163555 Are HIV conspiracy beliefs deleterious to African American's sexual health ?

Monday, November 5, 2007: 1:15 PM

Cheryl Armstead, MS(R), PhD , Department of Psychology, South Carolina Cancer Prevention and Control Progrm, University of South Carolina, Columbia, SC
Eugena Kenyatta Griffin, MA , Clinical-Community Psychology, Ph.D. Program, University of South Carolina, Columbia, SC
Background

This study explored the effects of HIV conspiracy beliefs (HIVCON) and gender on sexually transmitted disease (STD) risk and protective behaviors among African Americans (AAs). HIVCON was identified as a barrier to STD control and prevention in previous studies. The positive effects of HIVCON were not considered. The objective of this study was to understand the contribution of HIVCON to racial disparities in both STD risk and protection. It was expected that HIVCON and male gender would increase risky sexual behaviors and attitudes.

Methods

370 AAs from lower SES, Black census tracts completed telephone interviews about sexually-related cultural beliefs, protective behaviors, and risk-taking. Respondent's ages were between 18 to 55 years. Phone exchanges were obtained from a 6% stratified probability sample. Participants indicated their level of agreement with the statement, "HIV/AIDS was created to harm minorities.

Results

35.1% of respondents reported HIVCON. 50.0% reported knowledge about the Tuskegee Syphilis Experiments. Notably, knowledge about the Tuskegee Studies was unrelated to HIVCON. ANCOVA's indicated that males who endorsed HIVCON were more likely to report monogamous sexual relationships than: 1) males who did not endorse HIVCON and 2) all females, regardless of HIVCON beliefs. Males who endorsed HIVCON were more likely to obtain free condoms from clinics than other males and all females. Contrary to the extant literature, gender and HIVCON had no effect on risk behaviors.

Conclusions

The results do not support the prevailing assumption that HIVCON deleteriously affects protective behaviors and increases risk behaviors. To the contrary, it appears that HIVCON may increase the salience of monogamous sexual relationships among Black males. HIVCON increased the utilization of free condom distribution sites among AA men, but not women. The positive implications of HIVCON must be fully investigated. Policy which supports translational research will facilitate the application of our findings to prevention efforts in communities of color.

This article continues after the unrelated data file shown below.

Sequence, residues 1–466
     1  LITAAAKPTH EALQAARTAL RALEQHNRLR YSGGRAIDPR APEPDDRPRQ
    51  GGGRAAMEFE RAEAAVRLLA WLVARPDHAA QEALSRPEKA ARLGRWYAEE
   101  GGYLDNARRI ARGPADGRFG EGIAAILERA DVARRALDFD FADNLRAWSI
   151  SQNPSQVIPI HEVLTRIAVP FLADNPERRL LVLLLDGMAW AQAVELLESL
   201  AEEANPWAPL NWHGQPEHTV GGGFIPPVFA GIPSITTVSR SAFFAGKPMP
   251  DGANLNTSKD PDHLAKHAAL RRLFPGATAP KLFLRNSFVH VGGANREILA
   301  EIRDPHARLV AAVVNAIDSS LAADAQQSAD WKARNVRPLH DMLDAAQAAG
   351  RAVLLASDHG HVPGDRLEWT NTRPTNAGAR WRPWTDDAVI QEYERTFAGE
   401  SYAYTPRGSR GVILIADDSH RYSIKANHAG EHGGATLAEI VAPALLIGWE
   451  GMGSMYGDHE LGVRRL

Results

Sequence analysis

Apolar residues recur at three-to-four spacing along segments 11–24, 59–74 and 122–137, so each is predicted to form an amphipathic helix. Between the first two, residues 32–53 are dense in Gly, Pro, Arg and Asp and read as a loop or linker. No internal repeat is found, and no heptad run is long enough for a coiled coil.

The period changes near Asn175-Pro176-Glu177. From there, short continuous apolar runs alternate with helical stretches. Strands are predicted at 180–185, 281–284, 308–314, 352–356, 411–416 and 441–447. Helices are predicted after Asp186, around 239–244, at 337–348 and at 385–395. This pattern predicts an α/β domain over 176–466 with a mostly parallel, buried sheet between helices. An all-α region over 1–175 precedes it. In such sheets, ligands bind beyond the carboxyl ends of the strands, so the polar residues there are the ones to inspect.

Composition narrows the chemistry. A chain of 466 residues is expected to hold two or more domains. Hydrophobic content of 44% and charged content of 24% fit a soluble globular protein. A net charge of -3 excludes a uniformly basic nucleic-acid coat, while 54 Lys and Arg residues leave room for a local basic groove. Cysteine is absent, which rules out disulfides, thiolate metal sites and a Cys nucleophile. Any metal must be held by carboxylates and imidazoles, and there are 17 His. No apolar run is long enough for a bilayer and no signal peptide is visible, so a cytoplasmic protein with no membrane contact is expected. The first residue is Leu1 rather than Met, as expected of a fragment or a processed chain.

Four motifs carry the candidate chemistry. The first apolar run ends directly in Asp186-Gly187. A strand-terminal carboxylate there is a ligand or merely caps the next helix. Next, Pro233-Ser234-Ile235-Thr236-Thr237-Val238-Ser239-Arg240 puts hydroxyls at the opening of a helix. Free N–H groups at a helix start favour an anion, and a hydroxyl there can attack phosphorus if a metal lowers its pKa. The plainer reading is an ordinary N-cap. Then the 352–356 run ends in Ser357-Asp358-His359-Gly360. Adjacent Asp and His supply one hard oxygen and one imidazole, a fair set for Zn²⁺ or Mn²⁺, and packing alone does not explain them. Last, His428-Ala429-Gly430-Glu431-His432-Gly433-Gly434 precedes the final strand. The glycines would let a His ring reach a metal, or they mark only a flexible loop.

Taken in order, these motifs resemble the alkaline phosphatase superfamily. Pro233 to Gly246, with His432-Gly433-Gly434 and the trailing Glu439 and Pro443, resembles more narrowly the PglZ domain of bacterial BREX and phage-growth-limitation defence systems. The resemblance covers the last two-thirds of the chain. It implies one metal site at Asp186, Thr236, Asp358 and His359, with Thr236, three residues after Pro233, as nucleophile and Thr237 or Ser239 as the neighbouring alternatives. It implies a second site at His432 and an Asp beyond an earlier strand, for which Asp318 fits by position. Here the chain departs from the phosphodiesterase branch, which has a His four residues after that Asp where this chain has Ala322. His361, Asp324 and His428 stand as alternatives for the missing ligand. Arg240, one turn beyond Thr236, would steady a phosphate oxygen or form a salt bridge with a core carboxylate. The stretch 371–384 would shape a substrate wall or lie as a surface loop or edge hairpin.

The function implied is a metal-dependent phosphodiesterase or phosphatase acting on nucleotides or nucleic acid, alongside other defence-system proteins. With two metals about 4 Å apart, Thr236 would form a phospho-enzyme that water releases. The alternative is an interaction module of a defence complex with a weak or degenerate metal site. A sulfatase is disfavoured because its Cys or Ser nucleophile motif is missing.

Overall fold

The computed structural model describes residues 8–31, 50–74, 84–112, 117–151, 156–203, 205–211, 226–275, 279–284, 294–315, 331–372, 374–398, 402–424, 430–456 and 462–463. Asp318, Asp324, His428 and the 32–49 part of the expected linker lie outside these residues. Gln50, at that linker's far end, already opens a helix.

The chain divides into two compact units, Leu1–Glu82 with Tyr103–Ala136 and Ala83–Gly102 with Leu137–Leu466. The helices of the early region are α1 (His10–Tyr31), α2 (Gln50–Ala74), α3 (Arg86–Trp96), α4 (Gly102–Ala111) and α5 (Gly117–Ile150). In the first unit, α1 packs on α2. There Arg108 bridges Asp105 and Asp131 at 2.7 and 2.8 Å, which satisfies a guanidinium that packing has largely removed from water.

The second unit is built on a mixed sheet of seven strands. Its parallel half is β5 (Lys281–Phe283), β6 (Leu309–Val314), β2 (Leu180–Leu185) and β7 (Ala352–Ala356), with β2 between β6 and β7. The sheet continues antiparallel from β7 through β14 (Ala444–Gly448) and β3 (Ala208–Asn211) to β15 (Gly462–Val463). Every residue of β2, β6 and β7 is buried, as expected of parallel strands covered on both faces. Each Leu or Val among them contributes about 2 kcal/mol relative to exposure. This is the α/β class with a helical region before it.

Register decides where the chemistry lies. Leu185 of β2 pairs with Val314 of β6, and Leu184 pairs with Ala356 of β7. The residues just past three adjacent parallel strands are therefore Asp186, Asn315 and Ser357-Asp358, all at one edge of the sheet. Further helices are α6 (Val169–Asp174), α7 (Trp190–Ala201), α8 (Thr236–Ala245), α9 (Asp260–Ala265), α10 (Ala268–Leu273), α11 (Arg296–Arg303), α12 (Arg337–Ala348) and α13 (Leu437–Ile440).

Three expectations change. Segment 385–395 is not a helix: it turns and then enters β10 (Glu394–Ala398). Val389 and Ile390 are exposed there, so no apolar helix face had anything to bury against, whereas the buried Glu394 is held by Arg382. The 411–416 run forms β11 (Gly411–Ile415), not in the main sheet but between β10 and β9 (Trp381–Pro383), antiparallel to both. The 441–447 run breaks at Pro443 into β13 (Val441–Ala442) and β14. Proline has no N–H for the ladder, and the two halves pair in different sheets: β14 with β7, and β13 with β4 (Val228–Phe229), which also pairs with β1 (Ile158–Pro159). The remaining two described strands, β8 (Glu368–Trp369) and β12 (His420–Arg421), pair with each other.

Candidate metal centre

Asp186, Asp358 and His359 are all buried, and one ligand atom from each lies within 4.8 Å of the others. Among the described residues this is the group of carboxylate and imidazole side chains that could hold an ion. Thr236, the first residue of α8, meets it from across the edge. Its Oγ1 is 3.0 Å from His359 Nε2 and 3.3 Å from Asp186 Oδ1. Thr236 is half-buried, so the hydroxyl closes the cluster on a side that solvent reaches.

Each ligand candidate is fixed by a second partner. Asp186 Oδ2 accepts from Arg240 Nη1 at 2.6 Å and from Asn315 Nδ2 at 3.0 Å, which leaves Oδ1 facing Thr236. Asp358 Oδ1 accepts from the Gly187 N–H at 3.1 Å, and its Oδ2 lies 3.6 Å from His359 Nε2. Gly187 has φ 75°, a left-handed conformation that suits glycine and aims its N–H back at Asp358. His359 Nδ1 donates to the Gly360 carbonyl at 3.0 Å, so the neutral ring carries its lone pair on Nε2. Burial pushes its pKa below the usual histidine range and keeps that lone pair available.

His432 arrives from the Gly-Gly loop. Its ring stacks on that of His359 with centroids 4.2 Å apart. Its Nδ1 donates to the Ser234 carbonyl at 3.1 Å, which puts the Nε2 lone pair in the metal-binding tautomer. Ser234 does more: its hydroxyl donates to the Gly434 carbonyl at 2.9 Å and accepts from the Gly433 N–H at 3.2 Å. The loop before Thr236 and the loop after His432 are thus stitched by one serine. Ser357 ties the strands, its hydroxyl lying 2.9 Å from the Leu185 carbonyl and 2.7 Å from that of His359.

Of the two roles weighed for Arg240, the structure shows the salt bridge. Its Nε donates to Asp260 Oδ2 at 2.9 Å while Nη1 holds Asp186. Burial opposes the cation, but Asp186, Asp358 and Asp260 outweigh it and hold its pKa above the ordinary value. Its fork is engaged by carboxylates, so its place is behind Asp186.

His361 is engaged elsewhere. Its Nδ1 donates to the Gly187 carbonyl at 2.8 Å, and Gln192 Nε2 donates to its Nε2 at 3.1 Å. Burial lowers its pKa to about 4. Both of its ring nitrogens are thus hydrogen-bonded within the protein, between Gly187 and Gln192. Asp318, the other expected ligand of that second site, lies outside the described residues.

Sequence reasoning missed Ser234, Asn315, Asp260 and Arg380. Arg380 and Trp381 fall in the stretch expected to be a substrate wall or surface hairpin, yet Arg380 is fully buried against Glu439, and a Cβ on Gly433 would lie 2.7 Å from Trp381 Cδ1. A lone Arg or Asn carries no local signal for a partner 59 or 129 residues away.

Learning Objectives:
1. Describe how HIV/AIDS and other STDs disproportionately affect African American men and women in South Carolina. 2. Describe the development and role of conspiracy theories in Black communities. 3. Articulate potential maladaptive and adaptive influences of HIV conspiracy theories in Black communities. 4. Describe the theoretical concerns related to viewing community-based HIV conspiracy theories as solely maladaptive. 5. Describe the unmet need for sociocultural translational research for African American communities. 6. Summarize intra-cultural issues, such as HIV conspiracy belief systems, that providers should discuss during STD counselling with African American men and women.

Keywords: African American, Sexual Risk Behavior

Presenting author's disclosure statement:

Any relevant financial relationships? No
Any institutionally-contracted trials related to this submission?

I agree to comply with the American Public Health Association Conflict of Interest and Commercial Support Guidelines, and to disclose to the participants any off-label or experimental uses of a commercial product or service discussed in my presentation.